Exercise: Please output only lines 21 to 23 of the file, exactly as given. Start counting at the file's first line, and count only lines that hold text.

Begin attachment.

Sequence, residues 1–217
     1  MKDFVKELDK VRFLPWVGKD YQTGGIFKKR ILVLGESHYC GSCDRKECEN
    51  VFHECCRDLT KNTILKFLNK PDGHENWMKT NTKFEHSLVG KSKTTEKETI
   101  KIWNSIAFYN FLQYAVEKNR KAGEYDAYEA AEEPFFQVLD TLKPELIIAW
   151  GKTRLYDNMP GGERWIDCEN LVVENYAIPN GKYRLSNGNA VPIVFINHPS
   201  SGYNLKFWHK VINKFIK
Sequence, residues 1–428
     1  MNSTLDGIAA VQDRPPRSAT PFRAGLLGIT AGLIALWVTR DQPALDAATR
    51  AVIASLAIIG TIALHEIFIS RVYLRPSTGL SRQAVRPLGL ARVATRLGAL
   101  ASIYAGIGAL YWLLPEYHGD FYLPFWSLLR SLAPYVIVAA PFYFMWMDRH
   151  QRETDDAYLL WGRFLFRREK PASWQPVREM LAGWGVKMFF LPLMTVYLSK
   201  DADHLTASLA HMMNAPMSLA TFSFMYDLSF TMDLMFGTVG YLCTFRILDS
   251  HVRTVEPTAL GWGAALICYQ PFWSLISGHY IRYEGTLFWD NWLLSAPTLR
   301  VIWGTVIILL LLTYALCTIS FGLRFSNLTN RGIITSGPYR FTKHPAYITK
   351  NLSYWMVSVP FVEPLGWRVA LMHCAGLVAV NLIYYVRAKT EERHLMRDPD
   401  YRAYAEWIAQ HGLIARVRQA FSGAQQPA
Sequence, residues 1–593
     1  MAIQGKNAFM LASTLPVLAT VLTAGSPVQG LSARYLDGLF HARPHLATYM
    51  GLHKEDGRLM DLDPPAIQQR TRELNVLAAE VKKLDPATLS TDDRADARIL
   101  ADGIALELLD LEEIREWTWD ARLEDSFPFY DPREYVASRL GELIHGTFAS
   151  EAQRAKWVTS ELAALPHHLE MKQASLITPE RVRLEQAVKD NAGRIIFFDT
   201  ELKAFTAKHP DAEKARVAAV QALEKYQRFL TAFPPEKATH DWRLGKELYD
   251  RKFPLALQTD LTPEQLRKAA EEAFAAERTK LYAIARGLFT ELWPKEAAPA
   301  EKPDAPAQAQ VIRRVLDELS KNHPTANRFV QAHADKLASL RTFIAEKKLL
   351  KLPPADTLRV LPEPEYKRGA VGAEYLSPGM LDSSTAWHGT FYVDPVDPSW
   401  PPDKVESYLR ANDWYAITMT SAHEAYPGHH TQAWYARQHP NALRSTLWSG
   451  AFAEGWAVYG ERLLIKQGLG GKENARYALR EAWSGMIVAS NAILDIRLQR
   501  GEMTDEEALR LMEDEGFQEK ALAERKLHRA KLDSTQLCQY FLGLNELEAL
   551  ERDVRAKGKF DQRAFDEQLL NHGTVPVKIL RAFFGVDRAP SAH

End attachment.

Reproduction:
   151  EAQRAKWVTS ELAALPHHLE MKQASLITPE RVRLEQAVKD NAGRIIFFDT
   201  ELKAFTAKHP DAEKARVAAV QALEKYQRFL TAFPPEKATH DWRLGKELYD
   251  RKFPLALQTD LTPEQLRKAA EEAFAAERTK LYAIARGLFT ELWPKEAAPA